Why I Blog


Because I want to.

More specifically, I took up blogging as a hobby when I was in my mid 60s and approaching retirement. I thought it would be an interesting way to use some of the time that would not be taken up by a day job. I decided to write about stuff that interested me, and if some folks wanted to read it, then the blog would pick up followers. I didn’t expect to monetize the blog.

One of the things that interests me is the First Amendment issues, and writing about one incident wound up changing the nature of Hogewash!. That incident was the patently unconstitutional gag order that Brett Kimberlin received against Aaron Walker. It was a local story, so I covered it. And kept covering The Dread Deadbeat (Pirate) (Performer) (Pedo) Pro-Se Kimberlin as he waged lawfare against various bloggers and mainline media people and organizations who wrote about him. That, in turn, made me a target of Kimberlin and his fanboys, especially Bill Schmalfeldt, and their targeting of me made me part of the story I was covering.

Things haven’t worked out as I expected when I stated Hogewash! in 2011. For the past five years, the bulk of the blog has dealt with Team Kimberlin. That coverage has caused multiple lawsuits, false criminal charges, and a bogus peace order petition to be filed against me, and I’ve monetized the blog to help defray the legal expenses incurred. (BTW, thank you to those who have supported that effort.) While that lawfare is mostly over and settled in my favor, there’s still some to go. Eventually, TDPK and his band of cyberthug wannabes will have lost their final bit of lawfare and will have poisoned their own online reputations via a version of the Streisand Effect on steroids that should be renamed for Brett Kimberlin. Then, I’ll be able to get back to spending more time on other things that interest me.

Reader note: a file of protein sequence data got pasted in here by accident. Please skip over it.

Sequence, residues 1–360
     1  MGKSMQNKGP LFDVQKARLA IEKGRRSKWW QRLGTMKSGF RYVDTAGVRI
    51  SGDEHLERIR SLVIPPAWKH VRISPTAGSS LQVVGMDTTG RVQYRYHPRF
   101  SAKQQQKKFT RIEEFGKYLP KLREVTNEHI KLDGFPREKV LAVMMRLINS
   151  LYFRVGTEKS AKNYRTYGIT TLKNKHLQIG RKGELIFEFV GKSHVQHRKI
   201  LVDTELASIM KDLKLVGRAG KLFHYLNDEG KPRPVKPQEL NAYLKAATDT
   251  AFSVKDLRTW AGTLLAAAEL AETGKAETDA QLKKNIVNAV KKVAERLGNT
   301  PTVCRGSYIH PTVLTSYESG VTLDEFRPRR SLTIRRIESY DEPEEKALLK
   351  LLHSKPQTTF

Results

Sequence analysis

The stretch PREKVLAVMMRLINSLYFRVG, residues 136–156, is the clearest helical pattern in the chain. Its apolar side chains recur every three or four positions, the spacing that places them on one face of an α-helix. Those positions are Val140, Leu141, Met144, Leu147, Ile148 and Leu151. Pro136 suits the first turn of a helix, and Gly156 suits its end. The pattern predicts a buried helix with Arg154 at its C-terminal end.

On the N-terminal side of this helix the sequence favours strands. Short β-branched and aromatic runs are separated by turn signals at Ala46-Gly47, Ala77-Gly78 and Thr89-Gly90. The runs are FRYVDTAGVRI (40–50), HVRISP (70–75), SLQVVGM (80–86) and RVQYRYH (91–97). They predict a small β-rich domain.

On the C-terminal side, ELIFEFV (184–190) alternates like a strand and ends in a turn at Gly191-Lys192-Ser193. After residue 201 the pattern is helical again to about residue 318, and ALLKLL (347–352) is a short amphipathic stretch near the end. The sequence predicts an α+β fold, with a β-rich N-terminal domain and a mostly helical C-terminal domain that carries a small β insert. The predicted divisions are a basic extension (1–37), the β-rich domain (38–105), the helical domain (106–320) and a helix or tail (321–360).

Oh, two more things …First, it looks as if enough Reality has sunk into the vacuum between the Cabin Boy’s™ ears that he is starting to understand that is more likely that LOLsuit VIII will be dismissed than survive.

Second, the only online use anyone has for Bill Schmalfelt now is as an object of pointage, laughery, and mockification. I will continue to write about him to the extent I find it useful as coverage of Team Kimberlin winds down, but there are now blogs that specialize in keeping track of him, and they are welcome to him.

Team Kimberlin Post of the Day


I’m not making this up, you know.

After spending years trying to use the courts to suppress the First Amendment rights of people who have written truthful things about him, Brett Kimberlin included this sentence in his failed motion to unseal his informal opening brief in his appeal of the Kimberlin v. Frey RICO Remnant LOLsuit—

Appellant has a right under the First Amendment to appeal in public.

No. He doesn’t. His right to a public trial and, by extension, a public appeal is not secured under the First Amendment. IANAL, but the last time I checked the Bill of Rights, due process rights are secured by the Fifth Amendment.

Patrick Frey’s due process rights are also protected by the Fifth Amendment. His lawyers were able to convince a federal judge that certain information given to The Dread Pro-Se Kimberlin during discovery in the RICO Remnant LOLsuit should have been sealed in order to protect Frey’s rights (and possibly the rights of third parties). TDPK repeatedly asked the District Court to unseal that information, and he was never able to provide a reason why Patterico’s rights should not have been protected.